With being charged to draw new state House and Senate maps, the Ohio Redistricting Commission adjourned its meeting Thursday evening without meeting a deadline to submit a third set of maps by the Ohio Supreme Court.
The court has twice struck down maps created by the commission saying they were unconstitutionally gerrymandered and favored Republicans. Republicans on the commission – Governor Mike DeWine, Auditor Keith Faber, Secretary of State Frank LaRose, State House Speaker Bob Cupp and State Senate President Matt Huffman – rejected maps that were constitution and drawn by the Democratic members – State House Minority Leader Allison Russo and State Senator Dr. Vernon Sykes (and Co-Chair of the commission).
The Republican members of the commission declared the commission had reached an impasse Thursday and said they could not come up with maps that would be deemed constitutional. The meeting was adjourned with no maps being submitted to the Ohio Supreme Court before the deadline imposed by the court of Monday, February 7th.
Then in a complete surprise, later Friday afternoon, February 18th, Chief Justice Maureen O’Connor issued an Order requiring the members of the commission to explain why they should not be held in contempt of court for not adopting state legislative maps as ordered by the court. The commission must file their explanations by 12noon Wednesday, February 23rd.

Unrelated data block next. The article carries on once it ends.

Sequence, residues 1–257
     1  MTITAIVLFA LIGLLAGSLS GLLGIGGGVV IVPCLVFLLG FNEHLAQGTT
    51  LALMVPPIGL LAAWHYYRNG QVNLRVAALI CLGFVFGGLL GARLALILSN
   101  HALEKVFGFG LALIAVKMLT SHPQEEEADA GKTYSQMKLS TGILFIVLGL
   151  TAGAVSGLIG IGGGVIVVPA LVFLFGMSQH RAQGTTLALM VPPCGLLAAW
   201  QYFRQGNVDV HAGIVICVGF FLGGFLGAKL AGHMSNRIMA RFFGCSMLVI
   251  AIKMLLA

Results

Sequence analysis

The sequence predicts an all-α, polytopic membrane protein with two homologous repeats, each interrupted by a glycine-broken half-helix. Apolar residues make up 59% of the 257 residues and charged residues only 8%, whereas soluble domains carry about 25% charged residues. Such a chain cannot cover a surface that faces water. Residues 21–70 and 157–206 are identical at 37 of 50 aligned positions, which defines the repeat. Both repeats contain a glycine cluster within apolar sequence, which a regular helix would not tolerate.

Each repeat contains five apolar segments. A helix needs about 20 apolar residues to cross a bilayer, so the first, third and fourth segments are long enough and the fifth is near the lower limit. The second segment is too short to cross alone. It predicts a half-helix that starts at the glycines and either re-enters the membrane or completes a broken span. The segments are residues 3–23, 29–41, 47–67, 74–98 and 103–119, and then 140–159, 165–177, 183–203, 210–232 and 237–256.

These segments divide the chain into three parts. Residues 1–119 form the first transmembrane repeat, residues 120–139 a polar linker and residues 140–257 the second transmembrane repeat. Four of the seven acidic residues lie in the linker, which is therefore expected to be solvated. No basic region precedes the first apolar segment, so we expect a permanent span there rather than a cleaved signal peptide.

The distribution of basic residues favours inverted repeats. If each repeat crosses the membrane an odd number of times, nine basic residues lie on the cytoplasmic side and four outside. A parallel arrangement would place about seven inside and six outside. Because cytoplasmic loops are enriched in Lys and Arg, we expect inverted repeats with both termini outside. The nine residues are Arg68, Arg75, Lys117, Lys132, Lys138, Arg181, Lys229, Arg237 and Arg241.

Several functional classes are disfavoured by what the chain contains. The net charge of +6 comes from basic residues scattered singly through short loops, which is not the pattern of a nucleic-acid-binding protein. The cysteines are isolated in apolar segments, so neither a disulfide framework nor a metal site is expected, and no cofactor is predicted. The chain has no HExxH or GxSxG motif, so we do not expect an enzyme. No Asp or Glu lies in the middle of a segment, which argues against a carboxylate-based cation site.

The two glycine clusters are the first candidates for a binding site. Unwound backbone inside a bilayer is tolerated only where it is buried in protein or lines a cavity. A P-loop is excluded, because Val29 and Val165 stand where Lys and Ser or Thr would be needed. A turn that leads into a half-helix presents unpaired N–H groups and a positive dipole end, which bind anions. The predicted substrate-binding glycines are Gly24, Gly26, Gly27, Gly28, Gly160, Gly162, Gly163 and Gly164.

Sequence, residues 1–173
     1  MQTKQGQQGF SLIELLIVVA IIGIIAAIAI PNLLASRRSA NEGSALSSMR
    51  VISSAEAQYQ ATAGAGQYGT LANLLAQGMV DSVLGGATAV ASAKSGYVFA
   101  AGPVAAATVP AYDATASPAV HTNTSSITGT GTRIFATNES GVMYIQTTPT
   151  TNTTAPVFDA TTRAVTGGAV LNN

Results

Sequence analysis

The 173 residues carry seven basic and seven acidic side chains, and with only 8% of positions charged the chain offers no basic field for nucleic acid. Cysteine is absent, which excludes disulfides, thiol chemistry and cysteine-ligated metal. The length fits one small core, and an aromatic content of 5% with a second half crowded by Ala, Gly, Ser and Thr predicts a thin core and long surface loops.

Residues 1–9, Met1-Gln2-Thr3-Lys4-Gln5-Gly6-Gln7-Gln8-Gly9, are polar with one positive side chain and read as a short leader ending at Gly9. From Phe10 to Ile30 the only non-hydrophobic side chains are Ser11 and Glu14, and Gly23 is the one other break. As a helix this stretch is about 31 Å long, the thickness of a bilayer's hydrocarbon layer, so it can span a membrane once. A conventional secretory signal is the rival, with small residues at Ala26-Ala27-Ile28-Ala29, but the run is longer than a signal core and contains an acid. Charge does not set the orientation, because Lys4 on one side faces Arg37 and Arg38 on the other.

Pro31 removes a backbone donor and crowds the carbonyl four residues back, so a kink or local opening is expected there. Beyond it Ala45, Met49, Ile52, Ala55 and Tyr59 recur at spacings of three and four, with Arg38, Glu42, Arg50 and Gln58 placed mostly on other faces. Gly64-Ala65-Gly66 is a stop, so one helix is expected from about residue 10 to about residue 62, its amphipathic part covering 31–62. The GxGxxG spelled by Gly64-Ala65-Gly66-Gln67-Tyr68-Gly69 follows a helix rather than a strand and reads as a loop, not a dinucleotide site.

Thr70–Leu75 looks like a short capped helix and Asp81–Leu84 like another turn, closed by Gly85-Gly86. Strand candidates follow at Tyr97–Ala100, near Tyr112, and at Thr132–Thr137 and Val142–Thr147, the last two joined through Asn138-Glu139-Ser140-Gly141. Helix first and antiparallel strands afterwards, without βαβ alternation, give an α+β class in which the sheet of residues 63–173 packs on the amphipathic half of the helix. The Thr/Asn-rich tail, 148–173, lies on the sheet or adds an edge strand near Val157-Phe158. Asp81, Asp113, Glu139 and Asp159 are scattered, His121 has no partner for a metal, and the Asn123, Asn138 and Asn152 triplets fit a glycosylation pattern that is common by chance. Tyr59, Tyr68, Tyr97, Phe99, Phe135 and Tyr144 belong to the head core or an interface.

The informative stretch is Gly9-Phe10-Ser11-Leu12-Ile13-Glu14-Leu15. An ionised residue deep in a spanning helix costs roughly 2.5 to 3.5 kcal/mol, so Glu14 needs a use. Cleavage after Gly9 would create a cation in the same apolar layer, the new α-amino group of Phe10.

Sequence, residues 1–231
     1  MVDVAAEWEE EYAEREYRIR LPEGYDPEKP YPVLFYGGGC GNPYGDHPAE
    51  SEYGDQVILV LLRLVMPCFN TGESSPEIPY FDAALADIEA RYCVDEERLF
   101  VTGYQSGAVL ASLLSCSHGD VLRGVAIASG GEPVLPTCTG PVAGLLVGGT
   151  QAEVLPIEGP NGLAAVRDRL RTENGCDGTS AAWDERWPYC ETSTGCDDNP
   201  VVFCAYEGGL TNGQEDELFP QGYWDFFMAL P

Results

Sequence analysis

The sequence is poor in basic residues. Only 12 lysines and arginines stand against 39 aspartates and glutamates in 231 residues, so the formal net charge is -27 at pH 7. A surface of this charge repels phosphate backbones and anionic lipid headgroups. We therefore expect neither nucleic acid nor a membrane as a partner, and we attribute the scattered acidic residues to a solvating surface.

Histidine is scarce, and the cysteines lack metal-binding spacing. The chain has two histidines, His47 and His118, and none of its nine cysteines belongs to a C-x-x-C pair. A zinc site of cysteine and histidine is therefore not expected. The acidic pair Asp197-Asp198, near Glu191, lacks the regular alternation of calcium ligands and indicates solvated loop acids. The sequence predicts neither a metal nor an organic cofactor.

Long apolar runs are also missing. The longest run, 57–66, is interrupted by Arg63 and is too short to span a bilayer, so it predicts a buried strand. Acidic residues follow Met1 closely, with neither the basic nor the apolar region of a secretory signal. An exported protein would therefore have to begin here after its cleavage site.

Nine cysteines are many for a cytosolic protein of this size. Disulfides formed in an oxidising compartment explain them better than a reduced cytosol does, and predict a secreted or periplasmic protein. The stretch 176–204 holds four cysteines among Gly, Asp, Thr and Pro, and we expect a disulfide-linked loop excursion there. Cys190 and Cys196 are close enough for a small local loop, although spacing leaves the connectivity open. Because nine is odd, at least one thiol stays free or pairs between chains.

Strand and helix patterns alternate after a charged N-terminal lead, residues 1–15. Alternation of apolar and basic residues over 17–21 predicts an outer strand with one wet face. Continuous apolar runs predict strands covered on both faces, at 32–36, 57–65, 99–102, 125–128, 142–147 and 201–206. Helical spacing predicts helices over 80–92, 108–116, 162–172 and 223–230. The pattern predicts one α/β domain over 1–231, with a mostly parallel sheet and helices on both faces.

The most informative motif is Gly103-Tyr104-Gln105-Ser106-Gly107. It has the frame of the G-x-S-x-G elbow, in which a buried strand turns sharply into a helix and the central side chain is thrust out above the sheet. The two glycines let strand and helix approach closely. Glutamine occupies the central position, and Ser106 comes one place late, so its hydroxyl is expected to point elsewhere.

To further the drama of the Ohio redistricting process, a federal case was filed on Friday, February 18th attempting to reinstate the state legislative maps that were struck down by the court. On February 20th, the ACLU Ohio filed a motion requesting to be allowed to intervene in the case.
- Ohio Redistricting Commission must explain by Wednesday why they can’t pass new maps | WOSU | 2.21.2022
- Ohio Supreme Court to redistricting commission: Why shouldn’t we hold you in contempt? | Ohio Capital Journal | 2.19.2022
- Facing deadline, Ohio Redistricting Commission fails to draft new House, Senate maps | ABC6onyourside.com | 2.17.2022
- Gerrymandering leads to extreme laws most Ohioans don’t want | Ohio Capital Journal | 2.15.2022